29 Nov 2013

2013 Mazda3 Track Test Review

Graham King attended the launch of the new Mazda3 at Silverstone.


I've never really understood why you would buy a Mazda. In recent years they've looked good and driven well, but somehow they never quite convinced - I speak as someone who once came close to buying an 04-plate 2.0 Mazda3 Sport but got a Focus instead. But the new Mazda3 is different.

The 3 has always stood out in a distinctly samey sector of the market and the new car continues to do so. The detailing around the front is a bit busy, but it's a good-looking thing with some proper presence, thanks to those slightly angry headlights.

After the outside, the interior's rather conventional. It's well laid out and feels high quality - even the dreaded elephant hide on top of the dashboard - it just doesn't look particularly interesting. But there's masses of space and the boot's fairly generous. There's oddly little interior storage, though.

The new 3 is designed around Mazda's SKYACTIV Technology engineering principles. In English that means relatively light, high-tensile steel structures with ultra-efficient engines. Those engines look a bit old-fashioned on paper - 1.5 (don't bother) and 2.0-litre, four-cylinder, naturally-aspirated petrols, and a 2.2-litre turbodiesel. But don't dismiss them.

Both petrol and diesel motors use sky-high compression ratios and low-friction internals to produce perfectly acceptable economy and emissions. Both petrols return 55.4mpg and 119g/km of Co2, while the diesel manages 68.9mpg and 107g/km of Co2. That's a bit off the pace for fleet buyers, but they don't buy Mazda3's anyway.

I drove the larger petrol and the diesel on track at Silverstone and both impressed. The petrol isn't all that powerful (118bhp) but it's creamy smooth and pulls hard. Though I suspect what was a nicely rorty exhaust note on track would become annoyingly droney on a motorway.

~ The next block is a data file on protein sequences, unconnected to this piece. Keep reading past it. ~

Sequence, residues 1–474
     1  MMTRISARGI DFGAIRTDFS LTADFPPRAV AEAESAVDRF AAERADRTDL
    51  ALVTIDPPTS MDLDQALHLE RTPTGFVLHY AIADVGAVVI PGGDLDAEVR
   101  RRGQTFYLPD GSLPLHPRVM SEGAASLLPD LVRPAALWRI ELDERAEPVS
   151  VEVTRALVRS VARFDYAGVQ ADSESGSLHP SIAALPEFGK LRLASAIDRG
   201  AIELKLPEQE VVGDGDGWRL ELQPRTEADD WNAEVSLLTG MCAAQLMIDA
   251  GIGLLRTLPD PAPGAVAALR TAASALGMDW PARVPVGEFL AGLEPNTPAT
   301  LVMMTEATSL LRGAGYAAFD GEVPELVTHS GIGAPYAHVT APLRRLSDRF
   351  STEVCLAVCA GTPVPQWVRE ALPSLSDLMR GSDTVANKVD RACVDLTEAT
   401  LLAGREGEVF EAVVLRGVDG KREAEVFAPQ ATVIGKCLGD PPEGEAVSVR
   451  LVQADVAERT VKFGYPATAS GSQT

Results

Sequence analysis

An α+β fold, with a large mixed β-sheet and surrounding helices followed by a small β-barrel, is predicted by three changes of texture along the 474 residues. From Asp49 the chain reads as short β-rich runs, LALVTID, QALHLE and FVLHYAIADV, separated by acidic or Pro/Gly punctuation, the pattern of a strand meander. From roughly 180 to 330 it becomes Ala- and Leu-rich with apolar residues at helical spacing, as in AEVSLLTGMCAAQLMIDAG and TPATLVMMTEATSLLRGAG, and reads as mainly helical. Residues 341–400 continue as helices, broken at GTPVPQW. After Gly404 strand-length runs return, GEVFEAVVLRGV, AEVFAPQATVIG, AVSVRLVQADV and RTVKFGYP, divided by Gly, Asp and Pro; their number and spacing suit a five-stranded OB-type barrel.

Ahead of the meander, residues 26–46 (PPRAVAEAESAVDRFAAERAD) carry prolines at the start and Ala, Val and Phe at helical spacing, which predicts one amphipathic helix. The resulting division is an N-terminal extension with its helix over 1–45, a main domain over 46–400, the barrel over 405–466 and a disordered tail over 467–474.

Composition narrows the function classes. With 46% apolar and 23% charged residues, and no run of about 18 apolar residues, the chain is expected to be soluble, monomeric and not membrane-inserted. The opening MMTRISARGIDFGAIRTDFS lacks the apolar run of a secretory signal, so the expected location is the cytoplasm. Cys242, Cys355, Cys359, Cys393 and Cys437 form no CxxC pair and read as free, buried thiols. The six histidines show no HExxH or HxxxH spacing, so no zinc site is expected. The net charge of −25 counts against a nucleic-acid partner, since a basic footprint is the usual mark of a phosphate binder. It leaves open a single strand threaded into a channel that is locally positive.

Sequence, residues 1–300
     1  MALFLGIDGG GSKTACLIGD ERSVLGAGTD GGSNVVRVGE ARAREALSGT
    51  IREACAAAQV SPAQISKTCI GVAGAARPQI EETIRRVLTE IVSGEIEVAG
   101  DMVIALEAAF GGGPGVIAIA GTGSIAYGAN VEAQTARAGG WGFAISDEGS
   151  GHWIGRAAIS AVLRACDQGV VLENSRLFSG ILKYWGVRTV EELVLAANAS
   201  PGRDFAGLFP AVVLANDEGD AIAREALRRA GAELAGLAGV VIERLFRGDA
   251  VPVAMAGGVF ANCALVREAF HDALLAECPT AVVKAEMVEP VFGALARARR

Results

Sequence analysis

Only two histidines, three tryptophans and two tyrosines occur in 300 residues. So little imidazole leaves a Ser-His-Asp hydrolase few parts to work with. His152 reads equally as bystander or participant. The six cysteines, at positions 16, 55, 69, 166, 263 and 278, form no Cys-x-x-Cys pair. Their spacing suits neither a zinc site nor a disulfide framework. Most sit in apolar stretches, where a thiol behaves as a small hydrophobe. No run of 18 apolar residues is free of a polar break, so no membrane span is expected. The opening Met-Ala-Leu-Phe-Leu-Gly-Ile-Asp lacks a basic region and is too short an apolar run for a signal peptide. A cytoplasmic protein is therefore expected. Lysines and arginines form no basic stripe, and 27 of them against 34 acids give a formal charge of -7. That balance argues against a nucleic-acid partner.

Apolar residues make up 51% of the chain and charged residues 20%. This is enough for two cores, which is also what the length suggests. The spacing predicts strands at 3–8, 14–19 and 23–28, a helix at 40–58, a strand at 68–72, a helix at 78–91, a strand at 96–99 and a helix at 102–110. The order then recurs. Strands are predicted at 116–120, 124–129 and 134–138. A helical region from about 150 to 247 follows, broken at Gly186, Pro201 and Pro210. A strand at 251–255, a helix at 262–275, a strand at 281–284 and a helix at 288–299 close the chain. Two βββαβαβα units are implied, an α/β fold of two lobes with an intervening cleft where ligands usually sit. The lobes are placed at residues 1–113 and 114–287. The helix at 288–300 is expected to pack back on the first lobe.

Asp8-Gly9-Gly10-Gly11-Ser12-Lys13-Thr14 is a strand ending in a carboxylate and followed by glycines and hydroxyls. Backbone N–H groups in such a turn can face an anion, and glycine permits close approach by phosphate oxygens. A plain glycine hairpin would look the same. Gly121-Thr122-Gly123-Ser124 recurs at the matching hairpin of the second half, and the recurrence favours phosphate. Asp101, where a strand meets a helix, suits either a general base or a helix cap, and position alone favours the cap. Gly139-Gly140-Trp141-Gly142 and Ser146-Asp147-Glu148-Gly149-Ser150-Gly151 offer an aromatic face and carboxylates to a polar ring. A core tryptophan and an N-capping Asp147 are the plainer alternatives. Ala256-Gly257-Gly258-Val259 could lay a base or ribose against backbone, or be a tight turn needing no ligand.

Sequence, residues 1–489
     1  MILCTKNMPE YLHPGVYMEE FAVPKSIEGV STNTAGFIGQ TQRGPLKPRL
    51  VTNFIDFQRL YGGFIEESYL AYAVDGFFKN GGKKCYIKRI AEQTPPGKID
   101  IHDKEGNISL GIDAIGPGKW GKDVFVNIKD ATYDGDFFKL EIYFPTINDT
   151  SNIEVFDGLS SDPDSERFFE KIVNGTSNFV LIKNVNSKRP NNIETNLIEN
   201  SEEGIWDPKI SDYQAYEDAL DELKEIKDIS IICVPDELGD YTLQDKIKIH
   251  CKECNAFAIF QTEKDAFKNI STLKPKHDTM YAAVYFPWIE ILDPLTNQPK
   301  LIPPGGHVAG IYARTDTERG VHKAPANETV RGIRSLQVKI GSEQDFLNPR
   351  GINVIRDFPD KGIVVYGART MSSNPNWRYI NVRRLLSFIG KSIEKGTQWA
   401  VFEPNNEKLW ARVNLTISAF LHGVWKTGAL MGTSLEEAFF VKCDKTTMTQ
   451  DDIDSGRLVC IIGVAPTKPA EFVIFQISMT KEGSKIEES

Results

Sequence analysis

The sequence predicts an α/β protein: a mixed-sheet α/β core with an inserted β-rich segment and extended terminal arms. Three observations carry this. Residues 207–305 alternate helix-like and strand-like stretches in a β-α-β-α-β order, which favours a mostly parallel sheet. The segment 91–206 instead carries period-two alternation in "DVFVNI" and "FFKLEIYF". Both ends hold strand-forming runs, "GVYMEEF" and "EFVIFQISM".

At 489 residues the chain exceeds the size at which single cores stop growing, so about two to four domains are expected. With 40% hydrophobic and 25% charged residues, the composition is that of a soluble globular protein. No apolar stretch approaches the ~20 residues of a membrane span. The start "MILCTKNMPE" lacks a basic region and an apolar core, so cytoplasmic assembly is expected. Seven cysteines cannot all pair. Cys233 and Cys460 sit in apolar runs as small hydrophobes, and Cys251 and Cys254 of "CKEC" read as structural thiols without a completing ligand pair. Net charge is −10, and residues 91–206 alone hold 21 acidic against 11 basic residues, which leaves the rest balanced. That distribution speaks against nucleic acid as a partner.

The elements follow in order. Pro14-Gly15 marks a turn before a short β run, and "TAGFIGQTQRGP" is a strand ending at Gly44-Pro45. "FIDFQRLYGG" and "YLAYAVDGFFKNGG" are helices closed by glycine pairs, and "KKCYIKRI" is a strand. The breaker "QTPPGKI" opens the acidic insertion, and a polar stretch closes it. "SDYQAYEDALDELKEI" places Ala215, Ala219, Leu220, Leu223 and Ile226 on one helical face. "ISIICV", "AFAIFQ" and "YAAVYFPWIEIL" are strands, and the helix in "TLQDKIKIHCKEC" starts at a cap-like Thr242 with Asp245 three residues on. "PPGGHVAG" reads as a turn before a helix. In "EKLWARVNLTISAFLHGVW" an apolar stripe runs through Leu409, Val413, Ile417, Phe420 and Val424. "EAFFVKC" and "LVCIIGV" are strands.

The 148bhp diesel feels meaty (280lb/ft of torque) and carries on pulling right round the rev range, even if it does take a while to haul up to the red line. I thought nearly 100mph in fourth at the end of the Hangar Straight was pretty impressive. And eerily quiet. Both engines come with lovely, snickety six-speed manual 'boxes as standard.

But it's the 3's handling that really impresses. The chassis is a scaled-down version of the Mazda6's, so it has a relatively wide track and long wheelbase. That gives it incredible stability it high-speed turns and a fantastic ride - I barely noticed Silverstone's F1-spec kerbs. It's agile too, helped by steering that does what you ask, when you ask. There isn't much feel, but there never is these days.

It'll wash wide eventually, but some more throttle brings the nose back into line. I was expecting it to feel out of its depth on track, but it felt right at home. I was pushing it pretty hard (directed by my very excellent instructor, Andi) but it soaked up everything my limited talents could throw at it. It's not quite as much fun as Focus, but it's certainly better than anything else besides.

So, was I convinced by the Mazda3? Yes. It looks good, goes well and drives very well. It's well-equipped (you really want the top-spec Sport Nav just for the head-up display) very comfortable and good value.

It's easy to get sucked into the Focus/Astra/Golf hegemony if you're spending £20k-ish on a mid-size hatchback. But the Mazda3 is a diversion that's well worth taking.



Review by Graham King